Honour unveiled to best-selling thriller writer brought up in Blackpool
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A blue plaque has been unveiled by Blackpool Civic Trust in honour of author Desmond Bagley at 48 Lord Street, North Shore, which was his childhood home.
Blackpool’s deputy mayor Coun Adrian Hoyle and deputy mayoress Sharon Hoyle unveiled the plaque at a ceremony also attended by Blackpool Civic Trust chairman Joan Humble and representatives of publisher Harper Collins.
Desmond Bagley was born in Kendal in Cumbria on October 29 1923, but moved to Blackpool with his family in 1935 when he was 12.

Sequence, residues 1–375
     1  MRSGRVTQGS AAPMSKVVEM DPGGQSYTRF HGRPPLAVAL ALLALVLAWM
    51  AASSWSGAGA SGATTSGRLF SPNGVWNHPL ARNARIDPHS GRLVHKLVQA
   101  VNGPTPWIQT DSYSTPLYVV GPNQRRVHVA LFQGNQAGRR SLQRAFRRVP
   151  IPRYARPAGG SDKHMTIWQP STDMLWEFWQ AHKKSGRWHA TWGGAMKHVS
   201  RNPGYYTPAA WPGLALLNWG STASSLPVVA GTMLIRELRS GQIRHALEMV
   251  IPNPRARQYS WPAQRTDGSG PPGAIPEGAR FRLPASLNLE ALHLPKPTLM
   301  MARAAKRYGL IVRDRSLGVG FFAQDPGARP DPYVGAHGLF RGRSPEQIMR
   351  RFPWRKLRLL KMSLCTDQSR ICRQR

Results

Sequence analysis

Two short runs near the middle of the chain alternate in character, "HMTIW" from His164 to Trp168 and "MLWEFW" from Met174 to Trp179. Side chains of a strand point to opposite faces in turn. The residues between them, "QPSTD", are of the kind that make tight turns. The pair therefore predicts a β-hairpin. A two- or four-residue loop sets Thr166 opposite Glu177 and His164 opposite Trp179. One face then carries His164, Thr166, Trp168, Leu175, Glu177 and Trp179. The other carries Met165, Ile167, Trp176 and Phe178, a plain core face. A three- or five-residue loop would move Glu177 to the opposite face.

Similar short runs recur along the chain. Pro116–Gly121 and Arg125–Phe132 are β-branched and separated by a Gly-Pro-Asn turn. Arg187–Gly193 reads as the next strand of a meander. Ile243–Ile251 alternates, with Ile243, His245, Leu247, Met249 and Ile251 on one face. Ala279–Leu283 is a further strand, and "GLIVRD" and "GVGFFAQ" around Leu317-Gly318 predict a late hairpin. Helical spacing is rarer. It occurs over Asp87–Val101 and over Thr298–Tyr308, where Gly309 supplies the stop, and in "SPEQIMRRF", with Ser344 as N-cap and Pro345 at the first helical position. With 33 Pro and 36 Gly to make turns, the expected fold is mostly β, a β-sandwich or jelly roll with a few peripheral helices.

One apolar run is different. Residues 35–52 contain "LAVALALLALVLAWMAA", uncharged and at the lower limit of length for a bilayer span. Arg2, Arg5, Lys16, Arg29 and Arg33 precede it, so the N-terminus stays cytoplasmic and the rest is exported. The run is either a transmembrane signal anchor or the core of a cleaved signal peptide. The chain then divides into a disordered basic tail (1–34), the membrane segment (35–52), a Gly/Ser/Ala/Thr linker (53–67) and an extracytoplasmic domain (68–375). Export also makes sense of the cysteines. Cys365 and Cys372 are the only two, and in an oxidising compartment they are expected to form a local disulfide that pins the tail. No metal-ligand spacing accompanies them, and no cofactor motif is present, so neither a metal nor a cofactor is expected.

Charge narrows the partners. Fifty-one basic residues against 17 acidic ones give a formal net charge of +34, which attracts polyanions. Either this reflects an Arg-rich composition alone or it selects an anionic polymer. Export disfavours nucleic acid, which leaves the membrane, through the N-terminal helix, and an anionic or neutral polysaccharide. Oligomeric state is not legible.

He began his working life, aged 14, in the printing industry before working in an aircraft factory during the Second World War and travelling extensively in Europe and South Africa.
After working as a journalist, Desmond went on to become one of the leading thriller writers of the 1970s, helping to establish and popularise the genre.
He published 17 books before his death in 1983, aged 59, from a stroke.
His first novel was The Golden Keel published in 1963 and his books have never been out of print.
Following the unveiling of the blue plaque, a historical marker, David Brawn from HarperCollins was joined in conversation by contemporary author Michael Davis at Central Library whose own novel Outback is a sequel to Desmond Bagley’s last published novel Domino Island.
Mrs Humble said: “This took the form of a conversation between Michael Davies and David Brawn, representing the publisher HarperCollins, about Desmond Bagley and his formative years spent in Blackpool, including the many hours he devoted to reading and studying at Central Library.